In Arduino From Scratch Part 14, I identified some of the things I think could be improved for a Rheingold Heavy flavored edition of the Arduino Uno. Having thought about it for some time now, I’m ready to lay out some solid design requirements. This isn’t going to be the jazziest post in this series, but I promised to show all the details in going from schematic to final product, and this is one of the necessary steps along the way.
Arduino Design Requirements
I want to preserve the things the Uno does well, while improving the things it does not do well. This wheel is pretty well invented already, I just want to polish up the chrome.
In the grand scheme of things, you and I both know that the world needs another Arduino clone like it needs a new species of mosquito. Remember, the goal of this is to illustrate the process… it’s about the path, not necessarily the destination.
Preserve the Full Sized Uno Pin Header Pattern
The shape of the female pin header is well documented in it’s strangeness. The extra spacing on the SPI side of the board preventing a straight run of headers, but also working now in a retroactive-continuity way to ensure things don’t get plugged in backwards. I think it’s important to preserve this pattern to allow full compatibility with any Arduino shield a user might want to use.
Maintain Easy Manual and Automatic Reset of the ATMEGA328P
This is vital, to make the Rheingold Heavy edition of the Arduino as easy to reprogram with the IDE as the official version. The automated reset of the board by the DTR line allows the upload to proceed without requiring user intervention.
Allow External as well as USB Power
As with the Genuino version of the board, I want to provide a barrel jack with appropriate regulation and protections that will allow the user to power the board from a battery. This will mean taking steps to prevent incorrect connections and short circuits from destroying the voltage source, or the board.
Allow ICSP Programming of the ATMEGA328P as an Alternative to USB
I’m sure this is a limited use feature, for many users, but I figure the sort of user that would be interested in this flavor of an Arduino, would be the sort that might try programming over ICSP just to see if they can.
Reduce the “Fully On” current draw to <=20mA
This is where we’re starting to deviate from the things Arduino does well to things I want to change. I will find a way to drop the “on” current draw of the board when it’s not running a thing to less than 20mA. The 40mA static current draw when the 328P is *removed*, essentially prevents it running it off a battery. 20mA is the goal, although I hope to get lower.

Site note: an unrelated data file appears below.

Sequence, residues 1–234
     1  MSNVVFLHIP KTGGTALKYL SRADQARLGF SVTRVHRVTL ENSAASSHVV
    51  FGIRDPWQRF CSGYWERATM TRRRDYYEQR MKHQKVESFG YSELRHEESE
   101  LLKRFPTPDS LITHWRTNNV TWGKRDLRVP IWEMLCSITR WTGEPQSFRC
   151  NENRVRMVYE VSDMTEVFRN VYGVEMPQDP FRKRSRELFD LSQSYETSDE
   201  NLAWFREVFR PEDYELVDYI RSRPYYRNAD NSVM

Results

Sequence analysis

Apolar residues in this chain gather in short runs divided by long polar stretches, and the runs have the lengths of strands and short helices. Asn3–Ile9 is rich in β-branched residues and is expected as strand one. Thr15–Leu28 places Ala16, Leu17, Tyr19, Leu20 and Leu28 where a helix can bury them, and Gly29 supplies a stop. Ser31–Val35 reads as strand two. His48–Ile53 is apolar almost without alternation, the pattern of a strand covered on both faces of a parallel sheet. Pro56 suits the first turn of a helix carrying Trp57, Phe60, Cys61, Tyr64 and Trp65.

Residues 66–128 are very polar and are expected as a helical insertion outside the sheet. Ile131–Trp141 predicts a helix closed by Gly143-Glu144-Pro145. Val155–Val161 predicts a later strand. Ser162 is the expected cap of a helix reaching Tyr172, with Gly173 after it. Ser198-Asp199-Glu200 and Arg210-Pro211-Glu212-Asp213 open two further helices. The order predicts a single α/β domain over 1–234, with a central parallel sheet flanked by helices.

Allow Customization to Bring the Current Draw Significantly Lower
Maybe a power management area where you can disable certain features of the ATMEGA328P if you know you’re not using them. Like a series of jumpers to turn off various peripherals: ADC, SPI, I2C, etc.
Replace the Standard USB Connector with a Mini Connector
Seriously, this cable should be plugged into my printer and nothing else.
Avoid Any Use of Through Hole Components
I want to minimize the cost of assembly and going fully surface mount will help achieve that goal. The corollary to that is that all parts will need to be located on the top of the board as well.
Make Better Use of the ATMEGA16U2 or Replace It
I’m inclined to replace the ATMEGA16U2 entirely. Having a partially utilized micro doing the USB to UART translation instead of just going with an application specific IC like those from FTDI, seems wasteful. Also, the single quantity price for an FTDI chip is the same as the 5,000 quantity price for the 16U2, and the FTDI FT231X can operate at 8mA.
Add Test Points to Expose Internal Signalling
Adding test points on the USB lines, reset line, Serial RX and TX lines and maybe even on the peripherals might be helpful for a user. Doesn’t have to be anything fancy, maybe even just a small unpopulated PTH drill they can hook a logic analyzer or scope probe to easily.
Design Requirements Are Your To Do List
The design requirements shape what the final product will be: they’re the to do list for your design, the goals. Having established the goals I can now move to sketching out how things will fit together with a block diagram. As expected, there isn’t much difference between the way this block diagram describes the functions, and what you would expect if someone did a block diagram of the Genuino Uno itself.
The next step will be to start modifying the original schematic, by laying in my modifications.